8. As we all know, Felix Zollicoffer was killed (as result of an odd blunder) at Battle of Mill Springs in January 1862. However, his Brigade lived on to fight again... at the Battle of Shiloh. Who commanded Zollicoffer's Brigade at Shiloh? Ozzy
  9. Sent from Pittsburg Landing on April 6th 1862 to: "Commanding Officer Advance Forces near Pittsburg, Ten -- General: The attack on my forces has been very spirited from early this morning. The appearance of fresh troops on the field now would have a powerful effect both by inspiring our men and disheartening the enemy. If you will get upon the field leaving all your baggage on the East bank of the river it will be a move to our advantage and possibly save the day to us. The rebel forces is estimated at over 100,000 men. My head quarters will be in the log building on top of the hill where you will be furnished a staff officer to guide you to your place on the field. Respectfully & etc. U.S. Grant, Major General" Our full understanding and appreciation of the above message suffers because it does not carry the clock time of its sending, leaving many to believe it was sent by General Grant within an hour or two of his arrival on the Battlefield. Some even believe Captain W.S. Hillyer was the courier who took the above message to Savannah. But the message is actually a politely-worded order which contains many interesting elements: sent from Pittsburg Landing sent by MGen Grant (not Rawlins, or another aide) sent to "the Commanding Officer" [because U.S. Grant did not yet know General Buell had already arrived in vicinity of Savannah] "fresh troops now would have an inspiring effect" "leave all your baggage behind" [This direction had unintended consequences.] "the rebel forces is estimated at over 100,000 men" [Did Grant believe this estimate; or merely sent for effect?] "My HQ are the log building on top of the hill" [Identifies General Grant's desired point-of-contact.] The above message was sent by courier, and intercepted by Don Carlos Buell before 2pm as he steamed up the Tennessee River (and is recorded in Buell's 1887 Century article, "Shiloh Reviewed.") Ozzy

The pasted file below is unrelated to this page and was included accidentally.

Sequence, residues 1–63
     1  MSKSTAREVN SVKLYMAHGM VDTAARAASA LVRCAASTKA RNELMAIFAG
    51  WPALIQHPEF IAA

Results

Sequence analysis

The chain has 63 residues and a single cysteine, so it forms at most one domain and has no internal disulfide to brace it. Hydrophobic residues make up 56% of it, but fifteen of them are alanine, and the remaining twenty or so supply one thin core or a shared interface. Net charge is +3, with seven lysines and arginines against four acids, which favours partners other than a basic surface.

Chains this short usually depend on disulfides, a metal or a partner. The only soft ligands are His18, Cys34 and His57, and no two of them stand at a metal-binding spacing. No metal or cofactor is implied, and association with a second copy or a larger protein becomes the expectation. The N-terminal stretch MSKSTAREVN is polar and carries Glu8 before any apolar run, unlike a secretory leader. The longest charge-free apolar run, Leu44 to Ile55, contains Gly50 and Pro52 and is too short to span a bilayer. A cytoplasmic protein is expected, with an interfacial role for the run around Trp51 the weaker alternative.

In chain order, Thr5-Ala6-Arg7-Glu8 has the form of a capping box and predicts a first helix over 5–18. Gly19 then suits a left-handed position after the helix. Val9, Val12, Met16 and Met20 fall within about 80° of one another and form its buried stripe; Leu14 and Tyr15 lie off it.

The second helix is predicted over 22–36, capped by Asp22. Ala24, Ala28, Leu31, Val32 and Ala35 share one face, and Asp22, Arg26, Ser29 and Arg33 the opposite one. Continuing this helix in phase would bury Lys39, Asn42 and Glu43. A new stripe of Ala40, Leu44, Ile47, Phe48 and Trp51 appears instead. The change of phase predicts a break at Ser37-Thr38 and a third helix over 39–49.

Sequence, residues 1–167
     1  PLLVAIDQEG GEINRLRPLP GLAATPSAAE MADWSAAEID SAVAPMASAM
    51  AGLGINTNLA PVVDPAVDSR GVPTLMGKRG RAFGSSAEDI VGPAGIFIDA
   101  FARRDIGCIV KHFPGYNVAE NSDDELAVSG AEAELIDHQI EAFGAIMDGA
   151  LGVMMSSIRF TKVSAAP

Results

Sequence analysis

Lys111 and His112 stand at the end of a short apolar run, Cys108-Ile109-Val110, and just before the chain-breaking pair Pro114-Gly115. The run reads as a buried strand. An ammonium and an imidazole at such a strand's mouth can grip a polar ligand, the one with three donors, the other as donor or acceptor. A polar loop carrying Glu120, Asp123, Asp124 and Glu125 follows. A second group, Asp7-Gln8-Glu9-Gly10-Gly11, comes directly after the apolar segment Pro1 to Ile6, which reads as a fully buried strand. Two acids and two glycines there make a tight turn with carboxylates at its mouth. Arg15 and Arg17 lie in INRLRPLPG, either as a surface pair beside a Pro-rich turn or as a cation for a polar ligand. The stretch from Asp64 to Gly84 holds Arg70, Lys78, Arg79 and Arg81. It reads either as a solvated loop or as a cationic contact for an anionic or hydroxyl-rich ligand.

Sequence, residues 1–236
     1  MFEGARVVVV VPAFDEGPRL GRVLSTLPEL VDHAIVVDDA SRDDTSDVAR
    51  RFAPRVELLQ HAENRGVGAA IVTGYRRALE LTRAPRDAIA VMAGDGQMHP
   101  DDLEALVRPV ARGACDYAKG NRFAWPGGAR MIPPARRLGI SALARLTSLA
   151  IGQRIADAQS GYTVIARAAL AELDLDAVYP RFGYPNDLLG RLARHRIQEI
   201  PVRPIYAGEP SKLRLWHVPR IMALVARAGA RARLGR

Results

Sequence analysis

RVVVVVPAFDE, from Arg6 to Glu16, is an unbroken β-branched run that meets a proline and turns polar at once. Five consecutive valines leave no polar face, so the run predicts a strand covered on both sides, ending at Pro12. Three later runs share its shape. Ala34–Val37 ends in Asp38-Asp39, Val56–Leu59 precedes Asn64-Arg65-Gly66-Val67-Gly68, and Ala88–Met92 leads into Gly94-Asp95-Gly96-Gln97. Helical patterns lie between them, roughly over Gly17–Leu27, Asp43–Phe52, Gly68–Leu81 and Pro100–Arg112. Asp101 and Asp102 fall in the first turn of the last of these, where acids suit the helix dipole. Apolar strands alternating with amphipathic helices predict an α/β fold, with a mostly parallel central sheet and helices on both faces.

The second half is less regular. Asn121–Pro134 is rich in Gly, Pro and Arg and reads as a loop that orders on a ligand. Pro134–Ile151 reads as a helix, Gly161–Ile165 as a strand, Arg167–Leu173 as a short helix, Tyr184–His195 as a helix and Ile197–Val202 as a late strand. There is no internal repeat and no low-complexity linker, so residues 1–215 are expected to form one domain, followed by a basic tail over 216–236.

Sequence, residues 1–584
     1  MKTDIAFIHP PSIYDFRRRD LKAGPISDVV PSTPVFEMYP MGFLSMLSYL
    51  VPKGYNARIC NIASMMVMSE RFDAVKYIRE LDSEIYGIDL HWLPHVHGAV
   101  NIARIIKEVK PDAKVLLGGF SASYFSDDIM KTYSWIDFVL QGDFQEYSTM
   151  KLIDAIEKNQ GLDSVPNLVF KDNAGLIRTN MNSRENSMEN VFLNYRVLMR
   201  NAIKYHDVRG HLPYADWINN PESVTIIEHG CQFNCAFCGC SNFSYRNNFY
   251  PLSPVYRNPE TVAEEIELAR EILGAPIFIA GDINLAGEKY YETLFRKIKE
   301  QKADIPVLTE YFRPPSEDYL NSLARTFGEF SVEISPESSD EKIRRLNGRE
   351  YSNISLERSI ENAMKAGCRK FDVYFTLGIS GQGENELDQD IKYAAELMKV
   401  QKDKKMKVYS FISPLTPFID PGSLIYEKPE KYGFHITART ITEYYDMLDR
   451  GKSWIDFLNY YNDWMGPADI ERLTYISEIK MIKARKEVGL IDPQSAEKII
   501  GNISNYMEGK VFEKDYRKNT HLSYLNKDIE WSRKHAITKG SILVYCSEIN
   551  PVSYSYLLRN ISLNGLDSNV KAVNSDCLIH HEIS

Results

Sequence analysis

10. Ozzy

    Buell meets Grant

    Depending on the reference, General Buell is reported to have arrived at Pittsburg Landing by steamer from Savannah early afternoon of April 6th and met General Grant: a) at the house near the river, or b] aboard Grant's dispatch boat (floating HQ) the Tigress. Upon review of primary sources, the only man who infers Buell met Grant at the house is John Rawlins, Grant's AAG [OR 10 page 185]. Every other primary source (including Grant, himself) indicates the initial meeting took place aboard the Tigress [Memoirs vol.1 page 283.] General Buell goes into more detail, and reports "that he arrived at Pittsburg Landing and enquired for General Grant, and was directed to the nearly adjacent dispatch boat. Buell went aboard and met General Grant at the door of the Ladies' Cabin. Several of Grant's Staff officers were also in that cabin [Century article of 1887, pages 492-493]. Also worth noting: General Buell was accompanied by at least one Staff officer, his Chief of Staff, James Barnet Fry. Why is this meeting and its location important? In the early afternoon, Grant's messengers returned from delivering their orders to MGen Lew Wallace. The first messenger encountered by Grant, Lieutenant Frank Bennett, was met by Grant and Captain Rowley (ADC) as the pair were riding west to meet with General Sherman. Cavalry Officer Bennett reported that he'd met Wallace and his 3rd Division while they were having dinner (between 1130 and noon) and that Wallace intended on taking the route that his written orders (delivered by Baxter) directed; Lew Wallace was not coming via the River Road. General Grant immediately sent Rowley and Bennett back north up the River Road with orders for Lew Wallace to "Bring your division to Pittsburg Landing via the River Road" and, in addition, gave Captain Rowley authority to put those orders in writing if Lew Wallace demanded. Grant watched the messengers depart; then aborted his meeting with Sherman, reversed course, and returned to Pittsburg Landing... to find the Tigress (carrying Captain A.S. Baxter, AQM) had returned from Crump's Landing. The "conversation" between John Rawlins, A.S. Baxter and U.S. Grant would have been most interesting... and may have been interrupted by the arrival of General Buell. Timing is everything... Ozzy N.B. The above meeting between Grant, Rawlins and Baxter is conjecture, based on timing of significant events -- Ozzy.